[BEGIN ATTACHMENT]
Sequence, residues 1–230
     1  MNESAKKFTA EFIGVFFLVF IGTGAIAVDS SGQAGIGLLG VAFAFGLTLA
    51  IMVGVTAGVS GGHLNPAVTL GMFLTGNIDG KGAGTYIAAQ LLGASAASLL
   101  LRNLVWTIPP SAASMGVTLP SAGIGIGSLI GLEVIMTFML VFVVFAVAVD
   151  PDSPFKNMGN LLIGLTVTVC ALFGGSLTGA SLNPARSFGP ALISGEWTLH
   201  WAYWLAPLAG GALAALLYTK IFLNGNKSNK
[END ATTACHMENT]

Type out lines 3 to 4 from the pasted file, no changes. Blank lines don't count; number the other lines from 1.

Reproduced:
    51  IMVGVTAGVS GGHLNPAVTL GMFLTGNIDG KGAGTYIAAQ LLGASAASLL
   101  LRNLVWTIPP SAASMGVTLP SAGIGIGSLI GLEVIMTFML VFVVFAVAVD